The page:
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Since 1979 • February-March 2024 • Circulation 5000

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The Customs of Chanukah

A menorah with all of its candles lit up. Paula E. Kirman

Chanukah is a winter festival celebrated by Jewish people around the world. This year, it begins at sundown on December 20 and ends at sundown on December 28 (on the Lunar calendar, days are determined by daylight).

The history of the holiday is found in the Book of Maccabees, which is part of the Apocrypha -a series of Biblical-era texts included in Catholic Bibles but not Protestant or Jewish ones.

Here is a quick summary of Chanukah: the ancient Syrians were trying to commit ethnocide by extinguishing Jewish religious practices. However, the Jewish people were triumphant and won back the Temple Mount, which had been defiled and needed to be restored back to a holy place. There was only one little jar of olive oil that remained, and it had to last until more oil could be acquired. It took eight days during which the oil miraculously lasted.

As a result, here are the customs of Chanukah:

  • It lasts for eight days.
  • It involves the consumption of oily foods, particularly latkes (potato pancakes) and sufganiyot (jelly doughnuts).
  • A candle is lit on each night of Chanukah on a candelabra called a menorah until all nine candles are glowing. There is one candle for each day that are lit with a middle candle, called a shammash.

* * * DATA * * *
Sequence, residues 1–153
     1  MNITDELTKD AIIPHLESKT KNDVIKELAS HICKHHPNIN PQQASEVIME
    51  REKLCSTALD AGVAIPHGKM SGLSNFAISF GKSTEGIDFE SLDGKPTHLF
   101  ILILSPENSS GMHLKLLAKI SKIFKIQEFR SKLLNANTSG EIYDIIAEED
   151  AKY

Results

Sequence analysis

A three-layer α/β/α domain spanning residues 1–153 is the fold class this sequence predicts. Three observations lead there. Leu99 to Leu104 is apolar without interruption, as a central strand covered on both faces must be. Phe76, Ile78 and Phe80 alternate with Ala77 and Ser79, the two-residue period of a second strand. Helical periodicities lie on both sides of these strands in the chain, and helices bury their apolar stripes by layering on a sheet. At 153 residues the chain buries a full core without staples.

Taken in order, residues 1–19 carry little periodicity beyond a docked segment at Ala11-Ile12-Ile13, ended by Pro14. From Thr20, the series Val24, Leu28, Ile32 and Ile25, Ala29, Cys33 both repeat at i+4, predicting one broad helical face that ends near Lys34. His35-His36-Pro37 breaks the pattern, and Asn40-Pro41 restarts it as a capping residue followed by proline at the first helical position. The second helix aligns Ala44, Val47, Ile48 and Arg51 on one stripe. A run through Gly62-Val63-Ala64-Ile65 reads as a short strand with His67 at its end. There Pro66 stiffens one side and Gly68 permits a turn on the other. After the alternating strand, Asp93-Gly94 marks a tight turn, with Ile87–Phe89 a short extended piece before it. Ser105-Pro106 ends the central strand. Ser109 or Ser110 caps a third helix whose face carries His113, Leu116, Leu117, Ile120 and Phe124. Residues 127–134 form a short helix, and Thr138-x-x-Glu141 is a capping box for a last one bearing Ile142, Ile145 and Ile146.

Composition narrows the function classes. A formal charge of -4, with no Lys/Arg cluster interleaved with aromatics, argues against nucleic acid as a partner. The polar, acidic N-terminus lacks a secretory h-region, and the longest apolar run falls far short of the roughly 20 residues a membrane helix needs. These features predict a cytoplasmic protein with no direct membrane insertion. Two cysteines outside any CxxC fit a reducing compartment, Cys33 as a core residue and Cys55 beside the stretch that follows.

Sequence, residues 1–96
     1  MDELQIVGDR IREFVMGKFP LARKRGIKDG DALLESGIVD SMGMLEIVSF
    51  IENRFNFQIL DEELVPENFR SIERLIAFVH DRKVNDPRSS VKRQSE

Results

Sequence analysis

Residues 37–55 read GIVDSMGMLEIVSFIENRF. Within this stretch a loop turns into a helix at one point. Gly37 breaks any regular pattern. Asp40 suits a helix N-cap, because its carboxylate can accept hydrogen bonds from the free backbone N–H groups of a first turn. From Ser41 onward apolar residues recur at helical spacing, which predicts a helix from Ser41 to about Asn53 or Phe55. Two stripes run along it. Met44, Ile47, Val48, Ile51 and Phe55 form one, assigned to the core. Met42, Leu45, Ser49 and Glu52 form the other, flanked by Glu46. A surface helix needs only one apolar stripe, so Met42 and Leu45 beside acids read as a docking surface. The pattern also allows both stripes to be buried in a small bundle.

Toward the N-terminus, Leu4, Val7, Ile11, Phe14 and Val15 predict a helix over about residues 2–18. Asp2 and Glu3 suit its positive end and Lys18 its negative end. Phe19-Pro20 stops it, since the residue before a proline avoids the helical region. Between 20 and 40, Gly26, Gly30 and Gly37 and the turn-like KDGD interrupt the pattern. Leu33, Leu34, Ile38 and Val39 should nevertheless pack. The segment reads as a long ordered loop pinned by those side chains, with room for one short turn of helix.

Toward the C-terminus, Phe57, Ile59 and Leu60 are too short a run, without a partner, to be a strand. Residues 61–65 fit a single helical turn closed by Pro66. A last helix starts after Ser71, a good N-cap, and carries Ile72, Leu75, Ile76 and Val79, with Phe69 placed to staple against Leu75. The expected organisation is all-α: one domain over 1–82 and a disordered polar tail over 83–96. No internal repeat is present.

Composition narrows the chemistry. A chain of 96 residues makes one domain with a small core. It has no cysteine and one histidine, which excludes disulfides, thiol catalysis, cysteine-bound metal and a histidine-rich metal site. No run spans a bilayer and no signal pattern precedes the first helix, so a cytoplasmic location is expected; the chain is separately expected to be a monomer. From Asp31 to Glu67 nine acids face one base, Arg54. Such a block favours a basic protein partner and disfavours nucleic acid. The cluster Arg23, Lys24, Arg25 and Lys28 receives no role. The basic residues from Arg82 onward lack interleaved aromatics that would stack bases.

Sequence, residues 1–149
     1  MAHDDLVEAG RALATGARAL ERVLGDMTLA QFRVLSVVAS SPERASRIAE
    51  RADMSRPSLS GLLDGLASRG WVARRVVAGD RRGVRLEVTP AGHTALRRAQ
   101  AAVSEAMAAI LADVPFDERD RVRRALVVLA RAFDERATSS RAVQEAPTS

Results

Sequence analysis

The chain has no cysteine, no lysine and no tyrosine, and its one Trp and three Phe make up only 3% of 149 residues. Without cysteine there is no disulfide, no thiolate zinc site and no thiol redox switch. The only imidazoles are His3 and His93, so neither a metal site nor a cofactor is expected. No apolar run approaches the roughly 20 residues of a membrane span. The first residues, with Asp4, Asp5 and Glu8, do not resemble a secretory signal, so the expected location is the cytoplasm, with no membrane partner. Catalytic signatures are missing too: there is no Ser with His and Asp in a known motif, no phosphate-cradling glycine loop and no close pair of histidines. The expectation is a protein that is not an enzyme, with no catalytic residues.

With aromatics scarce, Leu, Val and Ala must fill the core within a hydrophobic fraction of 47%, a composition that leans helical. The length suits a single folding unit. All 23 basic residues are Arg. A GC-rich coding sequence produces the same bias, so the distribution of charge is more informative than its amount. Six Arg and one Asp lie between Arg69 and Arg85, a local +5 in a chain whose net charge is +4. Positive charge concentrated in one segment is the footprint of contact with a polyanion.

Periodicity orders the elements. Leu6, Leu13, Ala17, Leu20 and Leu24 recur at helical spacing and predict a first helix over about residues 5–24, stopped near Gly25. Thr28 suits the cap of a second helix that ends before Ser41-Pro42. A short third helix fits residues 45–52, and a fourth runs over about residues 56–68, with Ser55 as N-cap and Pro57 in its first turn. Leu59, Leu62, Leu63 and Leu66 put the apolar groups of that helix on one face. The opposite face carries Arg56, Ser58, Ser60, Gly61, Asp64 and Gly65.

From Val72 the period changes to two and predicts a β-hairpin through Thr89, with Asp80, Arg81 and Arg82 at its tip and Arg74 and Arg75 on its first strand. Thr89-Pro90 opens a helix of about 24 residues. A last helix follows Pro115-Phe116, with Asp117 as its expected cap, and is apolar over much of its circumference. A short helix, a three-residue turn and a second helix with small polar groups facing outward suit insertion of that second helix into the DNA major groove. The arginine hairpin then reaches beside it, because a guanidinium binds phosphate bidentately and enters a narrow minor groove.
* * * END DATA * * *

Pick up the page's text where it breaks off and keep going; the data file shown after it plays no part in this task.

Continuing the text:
• We play the dreidel game. A dreidel is a four-sided spinning top. On each side of the dreidel is a Hebrew letter which together represent the sentence, “a great miracle happened there.” During the game, we gamble for chocolate coins (gelt). How much gelt is won or lost depends on which side the dreidel lands after it stops spinning.
  • Although gifts are not the focus of Chanukah, it is common to give small gifts on each night of the holiday, especially to the children.

Chanukah is also known as the “Festival of Lights.” This is because of the light kept alive by that little bit of olive oil and the modern day lighting of the menorah. It also sounds a lot better than the “Festival of Oil.” However, after eating a good helping of deep-fried potato pancakes and jelly doughnuts, it certainly seems that way!

This is often the darkest time of year, both physically (as in reduced hours of daylight) and emotionally (holiday time can be depressing for many). A holiday about light and triumph is spiritually uplifting and comes at the perfect time. May your holidays, whatever you celebrate, be filled with light.

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